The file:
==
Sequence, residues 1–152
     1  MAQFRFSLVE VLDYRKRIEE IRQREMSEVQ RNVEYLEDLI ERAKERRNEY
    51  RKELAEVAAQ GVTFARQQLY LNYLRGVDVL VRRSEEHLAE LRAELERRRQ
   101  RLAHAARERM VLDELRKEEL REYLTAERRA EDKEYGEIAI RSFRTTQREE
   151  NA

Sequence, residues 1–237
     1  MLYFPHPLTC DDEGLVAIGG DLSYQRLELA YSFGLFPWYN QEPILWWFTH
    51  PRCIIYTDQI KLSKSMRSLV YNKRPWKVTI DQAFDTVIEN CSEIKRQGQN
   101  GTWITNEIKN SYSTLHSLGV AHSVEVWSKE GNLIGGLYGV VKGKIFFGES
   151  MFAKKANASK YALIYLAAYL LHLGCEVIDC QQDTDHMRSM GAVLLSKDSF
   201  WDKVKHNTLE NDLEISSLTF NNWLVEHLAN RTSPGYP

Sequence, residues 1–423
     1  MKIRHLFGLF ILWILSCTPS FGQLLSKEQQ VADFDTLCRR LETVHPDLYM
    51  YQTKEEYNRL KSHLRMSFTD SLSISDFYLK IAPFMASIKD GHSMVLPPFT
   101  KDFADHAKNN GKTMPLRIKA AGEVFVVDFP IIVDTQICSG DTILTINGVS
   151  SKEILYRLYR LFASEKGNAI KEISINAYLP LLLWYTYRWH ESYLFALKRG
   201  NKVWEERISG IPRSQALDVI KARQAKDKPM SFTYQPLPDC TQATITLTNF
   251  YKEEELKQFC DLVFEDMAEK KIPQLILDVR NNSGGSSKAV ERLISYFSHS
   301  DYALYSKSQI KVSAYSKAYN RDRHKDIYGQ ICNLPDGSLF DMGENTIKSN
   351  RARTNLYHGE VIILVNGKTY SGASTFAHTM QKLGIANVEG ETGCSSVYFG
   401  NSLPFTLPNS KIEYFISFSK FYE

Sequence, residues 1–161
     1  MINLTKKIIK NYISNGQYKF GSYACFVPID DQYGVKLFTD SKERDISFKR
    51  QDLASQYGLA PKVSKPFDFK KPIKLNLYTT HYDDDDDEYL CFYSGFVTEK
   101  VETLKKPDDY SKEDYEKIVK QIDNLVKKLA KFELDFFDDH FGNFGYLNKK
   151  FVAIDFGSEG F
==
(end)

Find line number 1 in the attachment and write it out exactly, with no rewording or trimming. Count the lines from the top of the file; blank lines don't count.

Sequence, residues 1–152